$$RMS = \mathop {\sum }\limits_{rg = 1}^n \beta _{rg} \times mut_{rg},mut_{rg} = \left\{ {\begin{array}{*{20}{c}} {0 = wild} \\ {1 = mutated} \end{array}} \right.$$
Fig. 4: OncoPrint of the somatic mutational signatures for the HNSC CCRT cohort.
figure 4

(a) the relapse somatic mutation signature of 16 target genes and (b) the chromatin remodeling somatic mutational signature of 14 genes.

Chromatin remodeling mutation signature (CRMS)

Fourteen chromatin remodeling genes were identified in the study cohort. The somatic mutation signature of 14 chromatin remodeling-associated genes was visualized using OncoPrint (Fig. 4b). Multivariate Cox regression analysis for the 14 chromatin remodeling-associated genes was estimated, and the regression β of each gene was computed (Table 2). CRMS was generated using Cox regression β and mutation status (mut) of the 14 chromatin remodeling candidate genes (crg). The equation for CRMS is shown in Eq. (2).

$$CRMS = \mathop {\sum }\limits_{crg = 1}^n \beta _{crg} \times mut_{crg},mut_{crg} = \left\{ {\begin{array}{*{20}{c}} {0 = wild} \\ {1 = mutated} \end{array}} \right.$$

Statistical analysis

The baseline characteristics and TMB of the HNSC CCRT cohort are summarized as frequencies and percentages, and the distribution was estimated using the chi-square test or Fisher’s exact test. In addition, the continuous TMB is summarized as the median and interquartile range and was tested using the Wilcoxon rank sum test (Table 1). The distributions of TMB, RMS, and CRMS are presented using a histogram, and the correlation between TMB, RMS, and CRMS is shown using a scatter plot and was tested by the Pearson correlation test (Fig. 5a). The correlation coefficients between TMB, RMS, and CRMS were calculated. The satisfactory predictive performance of individual and pairwise interactions between TMB, RMS, and CRMS was estimated using receiver operating characteristic (ROC) analysis, and the area under the ROC curve (AUC) was reported (Fig. 5b–d). A higher AUC indicated better predictive performance. Furthermore, TMB, RMS, and CRMS were dichotomized into high and low subgroups using the optimal cutoff value derived using ROC analysis. The individual and pairwise interacting prognostic risk predictive ability among TMB, RMS, and CRMS for the study cohort was determined using the Kaplan‒Meier estimator and tested by log-rank test (Fig. 6). The prognostic risk predictive performance of TMB, RMS, CRMS, and the corresponding pairwise interaction combinations were further validated using the TCGA-HNSC validation cohort.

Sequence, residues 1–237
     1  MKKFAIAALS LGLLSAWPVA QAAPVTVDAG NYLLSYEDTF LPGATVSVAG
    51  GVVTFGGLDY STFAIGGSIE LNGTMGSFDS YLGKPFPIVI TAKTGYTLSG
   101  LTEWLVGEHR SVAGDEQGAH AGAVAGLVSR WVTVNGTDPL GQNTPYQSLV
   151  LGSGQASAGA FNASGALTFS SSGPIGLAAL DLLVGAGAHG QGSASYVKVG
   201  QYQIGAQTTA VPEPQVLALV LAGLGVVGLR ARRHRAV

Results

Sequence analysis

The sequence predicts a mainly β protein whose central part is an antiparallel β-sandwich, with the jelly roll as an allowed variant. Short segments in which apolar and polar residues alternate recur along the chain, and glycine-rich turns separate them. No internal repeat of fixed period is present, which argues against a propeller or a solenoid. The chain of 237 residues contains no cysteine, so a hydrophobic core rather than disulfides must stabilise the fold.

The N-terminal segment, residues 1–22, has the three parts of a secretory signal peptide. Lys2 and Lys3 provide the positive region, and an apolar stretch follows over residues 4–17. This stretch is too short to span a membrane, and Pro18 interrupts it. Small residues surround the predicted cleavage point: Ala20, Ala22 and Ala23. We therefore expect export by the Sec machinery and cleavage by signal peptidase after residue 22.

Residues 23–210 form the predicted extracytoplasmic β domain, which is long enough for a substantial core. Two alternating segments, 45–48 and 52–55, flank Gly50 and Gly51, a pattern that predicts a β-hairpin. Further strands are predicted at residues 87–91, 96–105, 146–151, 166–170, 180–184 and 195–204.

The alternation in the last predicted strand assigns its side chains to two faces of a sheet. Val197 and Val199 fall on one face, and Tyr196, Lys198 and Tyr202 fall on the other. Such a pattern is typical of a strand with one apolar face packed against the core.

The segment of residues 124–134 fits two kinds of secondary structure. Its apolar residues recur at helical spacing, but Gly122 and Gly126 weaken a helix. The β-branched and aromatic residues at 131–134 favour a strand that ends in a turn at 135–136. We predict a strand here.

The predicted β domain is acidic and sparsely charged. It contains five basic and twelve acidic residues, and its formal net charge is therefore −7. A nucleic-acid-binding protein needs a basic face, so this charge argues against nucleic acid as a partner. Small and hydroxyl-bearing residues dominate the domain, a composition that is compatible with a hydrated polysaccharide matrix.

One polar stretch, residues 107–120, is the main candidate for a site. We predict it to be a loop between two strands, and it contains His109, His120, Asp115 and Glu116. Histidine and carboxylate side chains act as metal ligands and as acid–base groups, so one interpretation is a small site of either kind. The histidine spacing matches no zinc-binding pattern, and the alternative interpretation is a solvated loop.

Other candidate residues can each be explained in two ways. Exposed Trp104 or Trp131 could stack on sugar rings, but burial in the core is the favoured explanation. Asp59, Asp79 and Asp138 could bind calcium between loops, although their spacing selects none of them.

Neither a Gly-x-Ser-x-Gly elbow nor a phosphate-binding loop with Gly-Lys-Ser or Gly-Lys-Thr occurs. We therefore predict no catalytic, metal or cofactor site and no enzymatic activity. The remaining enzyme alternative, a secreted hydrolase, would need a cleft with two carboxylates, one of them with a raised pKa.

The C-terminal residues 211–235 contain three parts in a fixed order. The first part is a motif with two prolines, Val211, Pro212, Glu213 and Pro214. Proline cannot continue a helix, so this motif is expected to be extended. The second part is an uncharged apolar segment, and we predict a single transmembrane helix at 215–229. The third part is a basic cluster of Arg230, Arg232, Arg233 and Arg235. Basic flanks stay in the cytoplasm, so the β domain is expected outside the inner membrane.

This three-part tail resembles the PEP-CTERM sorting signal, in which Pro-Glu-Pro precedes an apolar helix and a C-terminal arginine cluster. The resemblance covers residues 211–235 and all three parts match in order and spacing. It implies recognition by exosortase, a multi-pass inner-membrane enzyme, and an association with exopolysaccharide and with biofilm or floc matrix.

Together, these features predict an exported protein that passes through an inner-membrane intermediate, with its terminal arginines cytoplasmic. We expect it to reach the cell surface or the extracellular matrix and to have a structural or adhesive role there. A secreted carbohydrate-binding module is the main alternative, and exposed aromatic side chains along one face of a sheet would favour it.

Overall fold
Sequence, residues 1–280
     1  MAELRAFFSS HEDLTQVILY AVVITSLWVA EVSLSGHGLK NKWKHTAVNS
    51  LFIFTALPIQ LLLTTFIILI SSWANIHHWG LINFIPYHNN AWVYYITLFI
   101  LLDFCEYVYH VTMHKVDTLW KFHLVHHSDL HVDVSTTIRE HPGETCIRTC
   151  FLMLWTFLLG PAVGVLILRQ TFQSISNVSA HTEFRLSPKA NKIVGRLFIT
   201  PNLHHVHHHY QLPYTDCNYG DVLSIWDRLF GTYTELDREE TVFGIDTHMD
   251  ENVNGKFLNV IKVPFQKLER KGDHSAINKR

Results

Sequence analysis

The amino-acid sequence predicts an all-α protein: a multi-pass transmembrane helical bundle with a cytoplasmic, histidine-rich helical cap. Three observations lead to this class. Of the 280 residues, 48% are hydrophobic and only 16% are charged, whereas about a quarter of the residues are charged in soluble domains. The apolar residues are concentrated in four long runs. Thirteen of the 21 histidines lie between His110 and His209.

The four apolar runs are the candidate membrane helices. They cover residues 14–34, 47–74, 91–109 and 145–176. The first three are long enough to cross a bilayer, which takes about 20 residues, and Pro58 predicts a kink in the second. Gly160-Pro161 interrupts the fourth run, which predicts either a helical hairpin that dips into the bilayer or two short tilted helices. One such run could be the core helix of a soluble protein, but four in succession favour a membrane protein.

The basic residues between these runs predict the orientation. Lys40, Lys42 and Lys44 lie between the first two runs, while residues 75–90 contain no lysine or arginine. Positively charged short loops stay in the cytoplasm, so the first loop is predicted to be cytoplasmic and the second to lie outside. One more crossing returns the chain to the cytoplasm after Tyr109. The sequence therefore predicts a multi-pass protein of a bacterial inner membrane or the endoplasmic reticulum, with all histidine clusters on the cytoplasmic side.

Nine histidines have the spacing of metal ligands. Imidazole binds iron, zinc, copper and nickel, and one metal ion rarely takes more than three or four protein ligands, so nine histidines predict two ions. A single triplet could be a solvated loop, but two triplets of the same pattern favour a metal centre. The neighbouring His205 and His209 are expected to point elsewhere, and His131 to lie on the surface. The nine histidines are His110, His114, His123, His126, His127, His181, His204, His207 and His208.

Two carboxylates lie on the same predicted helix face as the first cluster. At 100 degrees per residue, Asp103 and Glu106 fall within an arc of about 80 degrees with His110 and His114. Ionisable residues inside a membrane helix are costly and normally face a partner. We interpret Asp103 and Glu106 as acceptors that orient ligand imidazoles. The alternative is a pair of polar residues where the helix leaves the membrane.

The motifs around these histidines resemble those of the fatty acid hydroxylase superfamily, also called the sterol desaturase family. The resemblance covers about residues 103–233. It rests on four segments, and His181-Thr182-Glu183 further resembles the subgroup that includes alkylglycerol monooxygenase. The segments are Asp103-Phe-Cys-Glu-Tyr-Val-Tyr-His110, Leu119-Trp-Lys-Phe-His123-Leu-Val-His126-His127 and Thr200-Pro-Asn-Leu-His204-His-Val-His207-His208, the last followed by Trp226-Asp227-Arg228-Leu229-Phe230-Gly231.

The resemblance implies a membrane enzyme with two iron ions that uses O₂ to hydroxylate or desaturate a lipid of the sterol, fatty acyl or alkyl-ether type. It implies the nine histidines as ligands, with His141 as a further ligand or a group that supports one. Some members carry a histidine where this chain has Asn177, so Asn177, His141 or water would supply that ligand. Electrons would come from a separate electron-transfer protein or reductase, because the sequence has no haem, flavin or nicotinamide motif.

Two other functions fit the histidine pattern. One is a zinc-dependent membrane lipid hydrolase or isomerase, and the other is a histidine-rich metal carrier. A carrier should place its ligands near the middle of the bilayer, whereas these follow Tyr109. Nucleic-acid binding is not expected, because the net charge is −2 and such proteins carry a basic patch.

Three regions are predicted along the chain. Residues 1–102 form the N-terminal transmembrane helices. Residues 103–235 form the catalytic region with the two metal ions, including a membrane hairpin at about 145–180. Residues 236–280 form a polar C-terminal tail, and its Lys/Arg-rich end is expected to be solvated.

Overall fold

Table 1 Baseline characteristics of the HNSC CCRT derivation cohort (n = 120).
Fig. 5: The correlation and satisfactory predictive performance of tumor mutational burden (TMB, mut/Mb), relapse mutation signature (RMS), and chromatin remodeling mutational signature (CRMS).
figure 5

a Correlation analysis results for TMB, RMS and CRMS. Satisfactory predictive performance comparison between (b) RMS and TMB and (c) CRMS and TMB and (d) relapse-free survival using ROC analysis. AUC area under the curve.

Fig. 6: The prognostic risk predictive ability of TMB, RMS and CRMS subgroups for the HNSC CCRT cohort.
figure 6

Kaplan‒Meier plot for the (a) TMB subgroup, (b) RMS subgroup, (c) CRMS subgroup, (d) RMS-TMB subgroup, (e) CRMS-TMB subgroup, and (f) RMS-CRMS subgroup.